“Well, thankfully people have stopped calling for it in concerts,” he says with a very lame attempt at a chuckle. “I have just tried, perhaps finally successfully, to divorce myself from the song. It’s impossible for me to recreate what I was trying to do when I wrote that song so whilst I can see that people have an attachment to it, I don’t. I feel like, when I did use to do it in shows, I was doing a cover of some song that had been around forever. That’s how it felt. And I guess that is a strange way to feel about a song you wrote, so yeah, I am happy to not have to do it these days. I don’t like to think about it.”
As for Pop Crimes – recorded quickly due to illness:
“I had lots of sets of lyrics and they changed a wee bit; since I mostly do solo shows with songs that can be done on just one guitar, I wanted to make this record a band record – so we worked on them a wee bit, very organically, just churning the grooves out and working out how to take the song along, building them from the bass-line up in a lot of cases.”
At just eight songs Pop Crimes feels like a throwback to the 1980s. Howard explains, “I really like albums, especially the old four-songs-on-each-side vinyl and tapes. I think albums are often too long; I listen to a band like Tindersticks (who I love, by the way) but really I find myself struggling to get all the way through one album. And it shouldn’t be that way. So I didn’t want anyone feeling like that with Pop Crimes.”
His trademark razor-lines of guitar are on display (“I just play the way I always play, there’s no secret to it, turn the guitar on and go”) and there is a laconic delivery to the vocals; one minute he’s a Scott Walker-styled postmodern crooner, the next he’s all the way forward to Mark Lanegan – in between there are traces of Leonard Cohen and some of the work his old friend and band mate went on to perform with The Bad Seeds.
Howard considers it both a blessing and a curse having the connection to Nick Cave.
“I’ve had people come up to me in the street and say ‘we think you are better than Nick Cave, we really do!’ and while I get that they’re just trying to be nice – that that’s a way to try to pay a compliment – I really don’t understand it. Nick is good at doing what he does and I do what I do. I have to say that I’ve chosen to not work anywhere near as hard as Nick; Nick is great at what he does but he’s always the same. I’ve done a lot of diverse things, from other bands and solo records to art and acting. Nick has followed his path and it has worked out incredibly well for him and I’m proud of him. But I’m doing my own thing now.”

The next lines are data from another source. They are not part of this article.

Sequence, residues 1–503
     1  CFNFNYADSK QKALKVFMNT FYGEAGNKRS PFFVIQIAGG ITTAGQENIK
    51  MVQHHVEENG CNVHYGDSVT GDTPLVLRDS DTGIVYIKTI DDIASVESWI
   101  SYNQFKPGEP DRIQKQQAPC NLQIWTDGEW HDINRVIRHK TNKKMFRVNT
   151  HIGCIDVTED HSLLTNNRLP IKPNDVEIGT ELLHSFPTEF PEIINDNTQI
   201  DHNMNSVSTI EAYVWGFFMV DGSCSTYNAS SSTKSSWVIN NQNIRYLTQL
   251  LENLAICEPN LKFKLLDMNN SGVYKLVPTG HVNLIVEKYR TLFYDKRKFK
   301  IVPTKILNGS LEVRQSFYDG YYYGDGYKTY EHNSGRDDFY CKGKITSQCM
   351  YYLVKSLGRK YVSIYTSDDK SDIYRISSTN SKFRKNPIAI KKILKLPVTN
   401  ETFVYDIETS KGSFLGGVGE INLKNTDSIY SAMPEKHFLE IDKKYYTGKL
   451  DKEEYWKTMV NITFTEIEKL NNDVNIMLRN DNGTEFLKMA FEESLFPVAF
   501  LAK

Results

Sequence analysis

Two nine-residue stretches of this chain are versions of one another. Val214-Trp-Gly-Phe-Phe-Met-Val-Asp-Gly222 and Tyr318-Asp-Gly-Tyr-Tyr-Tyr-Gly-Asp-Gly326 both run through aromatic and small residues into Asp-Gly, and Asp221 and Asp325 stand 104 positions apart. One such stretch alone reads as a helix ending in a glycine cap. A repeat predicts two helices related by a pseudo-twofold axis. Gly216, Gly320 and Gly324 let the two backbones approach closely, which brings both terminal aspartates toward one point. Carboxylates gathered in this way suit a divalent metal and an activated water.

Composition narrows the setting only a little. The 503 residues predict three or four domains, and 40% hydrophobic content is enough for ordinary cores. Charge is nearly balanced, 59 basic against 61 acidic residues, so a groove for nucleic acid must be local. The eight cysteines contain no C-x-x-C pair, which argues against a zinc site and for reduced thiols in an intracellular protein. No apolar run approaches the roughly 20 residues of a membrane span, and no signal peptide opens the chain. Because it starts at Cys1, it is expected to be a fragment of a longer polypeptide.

Some of those things have been very occasional. When we discuss Howard’s acting sojourns he says, “What can I say: I was seduced by money.” He knows he won’t ever head back for more from that area of the arts.
But he has remained close to the people from The Boys Next Door and The Birthday Party – Mick Harvey still works with Howard (“we’re friends, all of us, and we grew up together, had similar ideas, helped each other to realise these ideas, so there’s a bond, yeah”).
He hasn’t made plans to tour the new record yet – saying that it depends on health first and foremost. He still favours the solo shows and despite Pop Crimes being a band album if he does head out and about (“I’d like to get to New Zealand, sure”) then it will most likely be just Howard and his guitar (“I like it better, I feel in control these days doing the shows by myself”).
He tells me, “I liked the idea of this apocalyptic version of Life’s What You Make It; I guess you could say that it appealed to me.”
Howard says “when I find a record I love – it’s great. Do you know what that’s like? Do you remember that feeling? Nothing else matters, you just play the record and you feel happy or sad or both while that record is playing. That’s what I wanted to do with Pop Crimes; I wanted to make a record that I think is great; and hopefully people that listen to it will think so too”.